Incidents from the Pool
Wittenberg University, 1984 – McKinney, TX, 2015
In your pool, I am 19 years old
plunging in at the edge of Swimming 101.
In your pool, splashing the 8 a.m. morning
upward with my body,
I strain to float. In your pool, I can
see, from the bottom, the other students —
all white, all female — sculling the water
in a world I cannot manage.
In her one-piece, Coach Maurer
began by telling us she has no breasts,
a double mastectomy the semester
before, and like an actor cueing her
line, she snaps the straps of her swimsuit
as she says, “So let’s get that out of the way now.”
At the pool, I do the only thing I know how
to do, I’m the only one taking notes: I write,
“So let’s get that out of the way now.”
I’m afraid of what I hear:
The slosh of water, my gasping and choking
coming from within. In your pool, even the lights
from the ceiling, ribboning into lanes, are part of a world
I cannot manage.
When I try to drop the class, Coach Maurer tells me,
“No you’re not. You’re the only one here
who needs this. Go change.” Then she turns away
and continues with class.
You learn so much about yourself
when you practice something at which
you’re not a natural. Your head falls
a little lower while struggling. When
your ambition is to look common enough
that no one sees you, like you belong here,
facing your limits. Weeks of this pass
like the endless surprise of a torturer’s hand,
and I see myself, by semester’s end, passing
the five-laps-in-five-minutes test.
Even as I recall these details of my awkward life,
telling it to you now feels so unremarkable
in hindsight. I hardly ever think about this any more.
But now, looking at video news footage of
Dajerria Becton’s young body,
younger than I was when
I learned to swim, being slammed to the ground
when a cop tells her to leave a swimming party
and she doesn’t move fast enough, and, allegedly
not without some back talk. At some point,
she must have been that girl in that middle-class
Craig Ranch area of McKinney, TX, learning
to swim, never expecting to drown on land.
Social media opens a debate about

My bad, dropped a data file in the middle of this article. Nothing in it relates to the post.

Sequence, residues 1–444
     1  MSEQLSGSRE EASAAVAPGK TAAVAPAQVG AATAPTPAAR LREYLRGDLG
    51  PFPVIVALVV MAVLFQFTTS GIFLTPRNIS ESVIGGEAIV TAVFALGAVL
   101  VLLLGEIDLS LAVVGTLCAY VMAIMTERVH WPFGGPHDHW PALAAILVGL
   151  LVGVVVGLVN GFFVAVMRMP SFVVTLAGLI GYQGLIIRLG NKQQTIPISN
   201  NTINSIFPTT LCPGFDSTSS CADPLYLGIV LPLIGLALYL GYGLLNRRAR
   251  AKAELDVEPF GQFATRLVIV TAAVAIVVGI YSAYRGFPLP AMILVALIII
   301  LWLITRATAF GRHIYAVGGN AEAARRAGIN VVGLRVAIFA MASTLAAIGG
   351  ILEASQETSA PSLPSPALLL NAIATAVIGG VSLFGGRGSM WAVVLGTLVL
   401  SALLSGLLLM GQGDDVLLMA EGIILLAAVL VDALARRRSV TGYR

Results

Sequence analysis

whether the teenagers belonged there
in the first place. Some say the music
from the party was too loud;
some say the police were simply doing
their jobs. Maybe. Power limits one’s point of view.
Becton’s mother asks at the press conference:
“How do you tell your child to behave
when they’re not doing anything wrong?”
The residents just wanted the crowd of black teenagers
to go away, even though they weren’t all black.
The cop with his club and drawn gun
says he’s, “Sorry if anyone was offended”
by his club and drawn gun.
As I watch this girl in a two-piece bikini
on the pavement, with a white cop’s knees
(both of them) in her back,
what I remember of that class in ‘84
was the attempt to think not about my body —
not to remember, devoting myself to
the smell and taste of chlorine,
of 10 laps with flippers, 10 laps
with a kickboard: The balance of the body,
the rotation, the counting of breaths, and the stretch
toward a shore beyond my grasp. What I remember
are the eyes of swimmers,
the performance in my head telling my limbs
to pretend, and the picture of my out-of-place self
and the concrete and the gunite, the fiberglass
and the water, my being in the locker room alone,
sheltering me as I left and preparing
me before I entered. And I remember, my first class,
the cold love in the eyes of my instructor ... how I wish I
could have just walked away, but how thankful I am now
that I didn’t. Shit, I remember things
that didn’t even happen to me,
just things I know, passed down in blood.
There’s my father learning to swim in a lake
in Alabama, nearly drowning but learning.
No Dogs, No Mexicans, No Niggers allowed.
I wish I remembered how comfortable these teens were
in their bathing suits with their friends and, if that cop
hadn’t entered the scene, I’d think about how lucky
they are to swim among friends in familiar dark waters
of laughter. Dajerria Becton. We don’t say her name
because she survived. We don’t say her name because
she’s a girl. She wasn’t wearing a hoodie or carrying
anything, but, even nearly naked, she posed
a threat to a man with a gun. What do I think
when I see someone who looks like me taken out back?
I keep kicking through laps of memory, pulling
myself forward to a world opening and, just as quickly,
closing before me, even now.about the author